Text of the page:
Suppression. Information from one eye may be blocked or ignored to avoid seeing double. If the visual problem is not corrected, it may get worse.

Nearpoint visual stress, the result of sustained visual activities done at less than arm’s length, may produce most of the problems listed above.

There are many other common eye and visual problems which can limit the way you live and enjoy life. These include:

Nearsightedness. Myopia – seeing more easily at near than at distances.

Farsightedness. Hyperopia – seeing more easily at distances than at near.

Strabismus. Crossed eyes.

Amblyopia. Lowered visual acuity (clarity), not correctable to normal acuity with lenses.

Astigmatism. Distorted vision interferes with seeing clearly at any distance without effort.

Poor Vision-Body Movement Coordination. Clumsiness, awkwardness, inefficient eye-hand or eye-body coordination, poor handwriting.
Vision therapy, usually combined with appropriate lenses, may remedy, improve or prevent any of these conditions in both children and adults.
Vision therapy and lenses are intended to alleviate the symptoms and eliminate the underlying cause – inadequate visual skills and visual stress.

Studies show that success in vision therapy depends on an appropriate program prescribed by your optometrist, and on an individual patient’s cooperation, participation and motivation.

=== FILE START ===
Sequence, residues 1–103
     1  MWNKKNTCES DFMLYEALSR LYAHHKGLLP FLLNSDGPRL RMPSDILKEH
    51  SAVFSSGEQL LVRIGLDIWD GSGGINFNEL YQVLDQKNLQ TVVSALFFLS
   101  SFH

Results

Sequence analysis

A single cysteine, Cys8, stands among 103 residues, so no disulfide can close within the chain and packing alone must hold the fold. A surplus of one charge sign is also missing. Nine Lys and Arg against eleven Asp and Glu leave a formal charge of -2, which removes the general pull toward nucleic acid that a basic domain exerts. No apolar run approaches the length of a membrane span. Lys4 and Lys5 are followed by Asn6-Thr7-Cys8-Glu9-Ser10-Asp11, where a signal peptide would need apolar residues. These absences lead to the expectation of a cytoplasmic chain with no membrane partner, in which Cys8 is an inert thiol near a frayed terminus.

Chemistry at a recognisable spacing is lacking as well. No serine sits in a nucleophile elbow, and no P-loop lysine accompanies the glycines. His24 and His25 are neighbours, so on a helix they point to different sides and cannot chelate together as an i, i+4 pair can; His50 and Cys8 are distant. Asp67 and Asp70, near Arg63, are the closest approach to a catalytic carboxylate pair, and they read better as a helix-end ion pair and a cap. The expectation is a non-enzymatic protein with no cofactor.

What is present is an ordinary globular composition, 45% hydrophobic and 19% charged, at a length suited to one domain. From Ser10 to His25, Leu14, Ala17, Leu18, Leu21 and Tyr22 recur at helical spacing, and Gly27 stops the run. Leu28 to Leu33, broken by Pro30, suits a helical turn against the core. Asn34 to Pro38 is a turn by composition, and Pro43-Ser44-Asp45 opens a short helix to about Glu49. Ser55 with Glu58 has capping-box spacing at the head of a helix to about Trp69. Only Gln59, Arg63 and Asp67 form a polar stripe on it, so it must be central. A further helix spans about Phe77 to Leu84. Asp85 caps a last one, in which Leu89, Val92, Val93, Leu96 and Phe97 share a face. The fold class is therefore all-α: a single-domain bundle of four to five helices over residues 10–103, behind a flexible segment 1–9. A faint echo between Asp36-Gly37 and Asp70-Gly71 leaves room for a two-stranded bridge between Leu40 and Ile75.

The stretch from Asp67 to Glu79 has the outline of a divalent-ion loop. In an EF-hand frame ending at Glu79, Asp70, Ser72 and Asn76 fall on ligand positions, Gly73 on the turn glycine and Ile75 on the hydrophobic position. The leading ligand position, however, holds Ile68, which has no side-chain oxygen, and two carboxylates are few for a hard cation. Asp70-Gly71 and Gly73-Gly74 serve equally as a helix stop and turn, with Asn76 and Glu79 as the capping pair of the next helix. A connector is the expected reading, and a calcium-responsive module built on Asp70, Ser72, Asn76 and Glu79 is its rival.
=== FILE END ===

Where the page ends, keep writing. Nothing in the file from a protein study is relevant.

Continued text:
Beyond Visual Performance 
Vision therapy also has proven to be a remarkably effective tool in helping people with learning related visual problems. Many problems in learning to read and write are made worse by poorly developed visual skills.

Dozens of experimental programs involving thousands of children and adults demonstrate that when visual skills are enhanced through vision therapy, learning is easier, reading levels rise, and in some cases, IQ scores have increased.

Building visual skills increases the ability to visualize, conceptualize and to create. Dr. Johan Petalozzi, a Swiss education reformer, notes that “conceptual thinking is built on visual understanding.”

The American Optometric Association’s 1994 Clinical Practice Guidelines on Comprehensive Adult Eye and Vision Examination reports: “Of all the sensory information relayed to the brain, four-fifths is visual in origin.”